Working away from one office is also a more inclusive way of constructing our workplaces. For many people who cannot physically be present at work all the time, due to a disability, a health issue, or a caring responsibility, much more flexibility in where work happens equalises the workplace, making it more diverse and bringing in new ways of knowing to our workplaces. When we are all on Zoom no one is excluded as the person who isn’t physically present.
I suspect there is a lot of research to be done to help reveal the best ways to organise ‘work’ for meeting the different needs and outcomes that matter to different people in society. But when we think differently about work, the types of questions and outcomes we are interested in become expansive and inclusive, including thinking about long term collective value as an important outcome.
The public value of flexible work
Covid-19 shows that how we have conceptualised and operationalised “work” excludes many people, and isn’t really how many of us want to live. It has shown that if we deconstruct those ideas and the systems built around those ideas, we can co-create public value.
What this small revolution in working shows is that when we look at what we really value as a community, what makes a good life for more people, we can shift the systems and structures we have and support better ways of living and working
Reduced car commuting into cities means less rampant carbon from our economic activities, fewer pedestrian injuries, less air pollution and a likely revival of suburban communities. While these things may not be currently measured in our official economy, they have measurable public value. And they have more value to the collective than clinging to the old system in order to keep some central city businesses going. We should absolutely care about the people involved in those businesses, and there are better ways to help them while helping all of us.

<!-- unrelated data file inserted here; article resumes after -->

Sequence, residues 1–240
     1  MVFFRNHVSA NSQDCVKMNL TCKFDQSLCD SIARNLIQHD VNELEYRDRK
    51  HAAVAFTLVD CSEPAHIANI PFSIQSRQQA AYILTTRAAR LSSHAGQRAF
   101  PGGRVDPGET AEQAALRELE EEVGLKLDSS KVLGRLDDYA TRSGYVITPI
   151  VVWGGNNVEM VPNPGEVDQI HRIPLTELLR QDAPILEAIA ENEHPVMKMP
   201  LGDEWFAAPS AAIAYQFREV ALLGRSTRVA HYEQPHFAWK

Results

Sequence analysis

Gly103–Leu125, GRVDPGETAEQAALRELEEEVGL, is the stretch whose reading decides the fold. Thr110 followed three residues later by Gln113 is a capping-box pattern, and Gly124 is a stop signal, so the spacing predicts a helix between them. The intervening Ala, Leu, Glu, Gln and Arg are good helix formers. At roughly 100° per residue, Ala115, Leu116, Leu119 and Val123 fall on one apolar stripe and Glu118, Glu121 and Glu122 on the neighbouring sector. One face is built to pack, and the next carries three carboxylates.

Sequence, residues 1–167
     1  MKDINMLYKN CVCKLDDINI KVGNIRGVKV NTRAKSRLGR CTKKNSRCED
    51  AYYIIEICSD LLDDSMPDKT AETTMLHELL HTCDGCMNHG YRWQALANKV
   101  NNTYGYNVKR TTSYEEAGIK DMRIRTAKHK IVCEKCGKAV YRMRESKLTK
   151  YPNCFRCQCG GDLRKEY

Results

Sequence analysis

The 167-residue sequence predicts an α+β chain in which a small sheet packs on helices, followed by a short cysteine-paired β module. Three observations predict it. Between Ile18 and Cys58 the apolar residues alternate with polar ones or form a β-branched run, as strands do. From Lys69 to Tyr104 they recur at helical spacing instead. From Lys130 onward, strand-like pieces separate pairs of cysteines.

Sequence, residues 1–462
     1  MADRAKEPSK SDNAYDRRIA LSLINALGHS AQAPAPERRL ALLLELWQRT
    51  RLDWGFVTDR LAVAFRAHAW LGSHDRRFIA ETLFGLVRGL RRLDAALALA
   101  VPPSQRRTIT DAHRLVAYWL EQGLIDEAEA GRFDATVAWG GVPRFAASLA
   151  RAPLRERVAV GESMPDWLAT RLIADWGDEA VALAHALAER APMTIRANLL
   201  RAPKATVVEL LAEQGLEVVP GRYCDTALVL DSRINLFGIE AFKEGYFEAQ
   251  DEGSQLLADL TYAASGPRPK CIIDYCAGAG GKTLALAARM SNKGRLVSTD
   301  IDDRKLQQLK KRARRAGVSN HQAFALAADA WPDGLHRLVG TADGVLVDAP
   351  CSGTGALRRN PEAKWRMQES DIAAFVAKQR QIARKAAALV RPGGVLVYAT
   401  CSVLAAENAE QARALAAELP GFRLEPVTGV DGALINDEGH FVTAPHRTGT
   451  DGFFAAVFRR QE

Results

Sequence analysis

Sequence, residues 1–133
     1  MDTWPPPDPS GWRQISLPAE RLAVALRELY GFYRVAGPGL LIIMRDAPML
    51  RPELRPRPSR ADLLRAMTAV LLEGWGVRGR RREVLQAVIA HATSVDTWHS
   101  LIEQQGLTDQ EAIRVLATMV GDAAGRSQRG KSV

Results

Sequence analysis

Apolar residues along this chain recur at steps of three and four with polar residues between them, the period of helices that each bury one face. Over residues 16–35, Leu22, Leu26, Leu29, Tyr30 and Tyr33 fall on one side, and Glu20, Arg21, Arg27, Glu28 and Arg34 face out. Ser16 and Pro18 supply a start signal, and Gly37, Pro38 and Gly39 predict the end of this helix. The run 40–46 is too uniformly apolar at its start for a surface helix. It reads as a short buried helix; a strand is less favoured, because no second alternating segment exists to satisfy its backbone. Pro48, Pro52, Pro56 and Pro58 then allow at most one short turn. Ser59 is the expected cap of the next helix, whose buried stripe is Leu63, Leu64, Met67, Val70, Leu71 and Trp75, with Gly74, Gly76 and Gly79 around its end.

How to care for people as we transition to better work systems
In opening our eyes to new ways of constructing our workplaces, we can also think about how to care for those who will feel the worst financial impacts of any shift. Support them to transition to other work, or locate to other areas for example. It requires future oriented thinking, and experimentation. It also means having a much better understanding from people in government about what the community really values and how to shape that in partnership with the business community.
The process of structural transition is something we all need to become practiced as we face the existing crisis of climate change, biodiversity loss and inequality. It’s especially important that those with the means to affect change take their responsibility to lead such transitions in the right way seriously.
What this small revolution in working shows is that when we look at what we really value as a community, what makes a good life for more people, we can shift the systems and structures we have and support better ways of living and working. And that has real value to us all.
Jess is the co-director of the Wellington think-tank The Workshop, and a Research Associate at the Public Policy Institute.
Originally published in newsroom. Republished with permission.